The Kills – Richard House

There was a lot of hype surrounding this book once it got onto the Booker longlist. Truthfully, that is probably why I read it. What we have, without giving anything away, are four disconnected novellas of varying quality. If you were being really cruel, you could suggest that Richard House has been struggling to write a longer novel and thought of a clever way to put these four attempts together. I liked the first one the best which is about political, financial and military shenanigans in the Middle East and how one man gets caught up in them. From then on it was downhill. The murder story gets so convoluted that I don’t think even the writer knows what’s happening – maybe why he gave up!

Stylistically he seems a bit stuck. it is mostly hot and dry wherever you are, everyone is sweaty, most people do the wrong thing in the circumstances they are in, there are some silly coincidences (several people seem to die more or less by mistake), the bad people are rather distanced and motiveless, there is quite a bit of killing, not much sex even when the opportunity arises and so on.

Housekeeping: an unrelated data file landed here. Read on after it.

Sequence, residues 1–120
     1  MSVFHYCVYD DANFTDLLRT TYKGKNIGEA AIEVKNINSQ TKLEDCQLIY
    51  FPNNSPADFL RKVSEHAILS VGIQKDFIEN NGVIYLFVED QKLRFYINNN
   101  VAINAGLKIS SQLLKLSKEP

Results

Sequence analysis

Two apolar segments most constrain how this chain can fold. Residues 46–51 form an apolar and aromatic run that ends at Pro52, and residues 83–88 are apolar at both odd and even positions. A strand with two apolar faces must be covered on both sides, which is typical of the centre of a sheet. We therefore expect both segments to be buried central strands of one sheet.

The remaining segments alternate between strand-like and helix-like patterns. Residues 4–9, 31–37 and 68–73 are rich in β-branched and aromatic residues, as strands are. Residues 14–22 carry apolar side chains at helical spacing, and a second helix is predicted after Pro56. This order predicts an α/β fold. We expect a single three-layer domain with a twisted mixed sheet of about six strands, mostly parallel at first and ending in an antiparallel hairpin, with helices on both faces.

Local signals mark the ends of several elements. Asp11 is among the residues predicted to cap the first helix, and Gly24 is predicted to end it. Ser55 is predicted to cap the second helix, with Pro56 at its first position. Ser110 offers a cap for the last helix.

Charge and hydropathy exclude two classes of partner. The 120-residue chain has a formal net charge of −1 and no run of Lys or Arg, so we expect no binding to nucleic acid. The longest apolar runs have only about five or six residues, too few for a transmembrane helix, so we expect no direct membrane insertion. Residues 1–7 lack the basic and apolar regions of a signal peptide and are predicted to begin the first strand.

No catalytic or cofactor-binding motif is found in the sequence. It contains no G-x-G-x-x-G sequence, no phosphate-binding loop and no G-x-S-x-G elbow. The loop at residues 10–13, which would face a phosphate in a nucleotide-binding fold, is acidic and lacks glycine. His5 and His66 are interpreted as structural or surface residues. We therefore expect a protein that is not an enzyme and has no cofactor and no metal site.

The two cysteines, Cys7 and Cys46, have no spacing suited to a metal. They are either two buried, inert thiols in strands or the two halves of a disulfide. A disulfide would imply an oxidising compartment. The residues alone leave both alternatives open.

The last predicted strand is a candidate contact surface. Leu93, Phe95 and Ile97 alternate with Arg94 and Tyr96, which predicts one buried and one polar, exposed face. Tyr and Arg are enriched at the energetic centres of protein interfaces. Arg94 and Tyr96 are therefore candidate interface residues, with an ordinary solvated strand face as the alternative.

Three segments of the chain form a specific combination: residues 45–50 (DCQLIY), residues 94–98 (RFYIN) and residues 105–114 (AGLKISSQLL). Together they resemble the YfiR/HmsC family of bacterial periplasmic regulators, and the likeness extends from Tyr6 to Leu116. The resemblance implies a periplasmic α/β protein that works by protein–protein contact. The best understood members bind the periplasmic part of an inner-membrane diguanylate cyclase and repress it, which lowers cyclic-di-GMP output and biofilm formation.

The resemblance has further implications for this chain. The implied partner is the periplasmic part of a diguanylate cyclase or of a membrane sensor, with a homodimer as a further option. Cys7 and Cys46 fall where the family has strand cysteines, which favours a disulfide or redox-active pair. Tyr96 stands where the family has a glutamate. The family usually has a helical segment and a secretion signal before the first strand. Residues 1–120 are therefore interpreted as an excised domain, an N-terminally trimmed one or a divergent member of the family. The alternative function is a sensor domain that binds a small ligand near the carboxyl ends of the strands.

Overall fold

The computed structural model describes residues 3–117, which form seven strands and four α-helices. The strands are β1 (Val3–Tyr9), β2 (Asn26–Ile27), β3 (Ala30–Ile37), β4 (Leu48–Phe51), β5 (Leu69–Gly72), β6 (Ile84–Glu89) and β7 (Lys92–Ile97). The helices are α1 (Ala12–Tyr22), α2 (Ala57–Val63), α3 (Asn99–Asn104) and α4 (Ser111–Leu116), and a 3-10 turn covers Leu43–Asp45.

However, the real failing is the capacity to link these narratives into some Dickensian conclusion, I mean that in the sense of bringing several storylines together into some kind of coherent whole with a message. Some critics suggest that this is a deliberate destabilisation of the form but for that to happen the disconnection would have to be apparent rather than accidental.

As for the online bit, it comes over as a publicity gimmick not necessarily cheap but not very creative in its use of video. It left me wondering how good it could have been if some of these people who do such creative videos elsewhere had been invited to pick up certain stages elements in the story and embellish them. The use of captions is almost laughable sometimes.

There is one video clip of fish swimming around symbolically in a bowl – struggling, trapped, victim – geddit? I thought the caption could have been, ‘you’ve already forgotten what happened at the start’.


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